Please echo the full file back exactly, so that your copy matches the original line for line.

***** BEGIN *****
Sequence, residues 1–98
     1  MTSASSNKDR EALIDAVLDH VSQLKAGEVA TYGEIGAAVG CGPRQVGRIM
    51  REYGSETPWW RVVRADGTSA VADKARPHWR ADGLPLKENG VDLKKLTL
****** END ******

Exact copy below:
Sequence, residues 1–98
     1  MTSASSNKDR EALIDAVLDH VSQLKAGEVA TYGEIGAAVG CGPRQVGRIM
    51  REYGSETPWW RVVRADGTSA VADKARPHWR ADGLPLKENG VDLKKLTL